Well, did he? Bolton says he knew of Huawei exec’s arrest ‘in advance,’ contradicts own spokesman

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                <img src="https://cdni.rt.com/files/2018.12/article/5c0aa9b0fc7e9362668b45f1.JPG">
                <figcaption>US National Security Adviser John Bolton. © Reuters / David Mdzinarishvili

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                        <strong>The saga into the arrest of a top Huawei executive continues, with John Bolton saying he knew the woman was going to be detained ahead of time. However, the national security adviser’s own spokesman says he didn’t have a clue.</strong>

        In an NPR interview&nbsp;on Thursday, Bolton said he knew ahead of time that Meng Wanzhou, the global chief financial officer at the Chinese telecommunications equipment maker Huawei, was going to be arrested in Canada. She faces possible extradition to the US for allegedly breaking a trade embargo with Iran.

“I knew in advance, but this is something that we get from the Justice Department and these kinds of things happen with some frequency,” Bolton said, while stating that he was unsure if President Donald Trump knew the arrest was coming. “We certainly don’t inform the president on every one of [these arrests].”

But Bolton’s own spokesperson has a different story to tell. Just hours after the national security adviser’s comments to NPR, the spokesperson told CBS News that neither Bolton nor Trump were aware of the arrest before it happened. He said Bolton’s comment about “knowing in advance” was in reference to a briefing Bolton received between the time of the Vancouver arrest on December 1 and the news being made public on December 5.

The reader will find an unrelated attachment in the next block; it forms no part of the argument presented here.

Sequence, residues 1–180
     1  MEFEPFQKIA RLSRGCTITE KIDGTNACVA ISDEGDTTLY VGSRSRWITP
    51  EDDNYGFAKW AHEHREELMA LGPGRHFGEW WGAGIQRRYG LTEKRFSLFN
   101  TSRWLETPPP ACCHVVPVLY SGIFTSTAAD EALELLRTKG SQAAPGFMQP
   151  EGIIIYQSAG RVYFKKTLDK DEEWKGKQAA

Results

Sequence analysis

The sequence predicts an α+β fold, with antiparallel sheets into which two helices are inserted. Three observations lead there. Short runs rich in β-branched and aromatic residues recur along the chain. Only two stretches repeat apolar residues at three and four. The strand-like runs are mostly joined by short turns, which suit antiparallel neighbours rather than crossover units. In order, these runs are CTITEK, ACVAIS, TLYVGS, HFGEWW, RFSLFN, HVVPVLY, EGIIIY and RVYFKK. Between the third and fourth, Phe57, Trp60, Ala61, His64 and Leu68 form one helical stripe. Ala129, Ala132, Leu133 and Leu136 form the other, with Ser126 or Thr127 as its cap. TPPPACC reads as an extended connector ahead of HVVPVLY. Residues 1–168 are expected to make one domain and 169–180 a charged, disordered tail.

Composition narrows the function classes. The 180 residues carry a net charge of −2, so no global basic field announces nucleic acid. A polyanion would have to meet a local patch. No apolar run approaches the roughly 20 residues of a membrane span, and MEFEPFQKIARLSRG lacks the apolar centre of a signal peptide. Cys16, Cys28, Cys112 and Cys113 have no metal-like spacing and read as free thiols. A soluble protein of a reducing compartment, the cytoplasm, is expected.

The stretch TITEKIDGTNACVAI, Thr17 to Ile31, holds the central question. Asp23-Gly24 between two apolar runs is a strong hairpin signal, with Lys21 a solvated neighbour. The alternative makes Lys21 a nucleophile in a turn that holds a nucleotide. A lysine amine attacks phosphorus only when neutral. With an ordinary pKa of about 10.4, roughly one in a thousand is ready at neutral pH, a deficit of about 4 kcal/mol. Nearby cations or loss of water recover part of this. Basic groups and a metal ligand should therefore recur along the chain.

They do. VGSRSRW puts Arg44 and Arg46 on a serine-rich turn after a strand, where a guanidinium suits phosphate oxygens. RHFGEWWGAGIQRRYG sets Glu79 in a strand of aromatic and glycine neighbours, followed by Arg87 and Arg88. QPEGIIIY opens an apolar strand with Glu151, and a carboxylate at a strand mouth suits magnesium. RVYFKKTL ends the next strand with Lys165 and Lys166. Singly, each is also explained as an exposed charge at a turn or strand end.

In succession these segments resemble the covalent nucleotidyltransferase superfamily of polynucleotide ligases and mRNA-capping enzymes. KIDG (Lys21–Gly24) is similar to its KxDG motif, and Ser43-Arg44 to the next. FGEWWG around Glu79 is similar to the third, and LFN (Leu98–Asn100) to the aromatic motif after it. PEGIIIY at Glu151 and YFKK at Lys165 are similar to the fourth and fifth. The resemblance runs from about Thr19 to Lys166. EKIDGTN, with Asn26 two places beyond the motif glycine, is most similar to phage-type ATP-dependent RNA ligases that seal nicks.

During his interview, Bolton declined to go into detail about Meng’s arrest. However, Reuters has cited people familiar with the investigation as saying she was connected to an alleged scheme to use the global banking system to circumnavigate US sanctions against Iran.

READ MORE: Dow plunges 700 points after Huawei exec’s arrest, fears grow over US-China trade relations

Reuters also reported that Huawei has been under a microscope for so-called sanctions-busting since 2016, and that the Chinese company was more recently investigated for reportedly using HSBC Holdings plc to make illegal transactions involving Iran. HSBC is not under investigation, however, according to sources cited by the news agency.

Huawei, for its part, has denied any wrongdoing, saying it complies with all laws and regulations where it operates – including export controls and sanctions of the United Nations, US, and the European Union.

Meanwhile, Beijing has called on the US and Canada to “clarify the reasons” for Meng’s detention and to “immediately release” her, a Chinese Foreign Ministry spokesperson said on Thursday.

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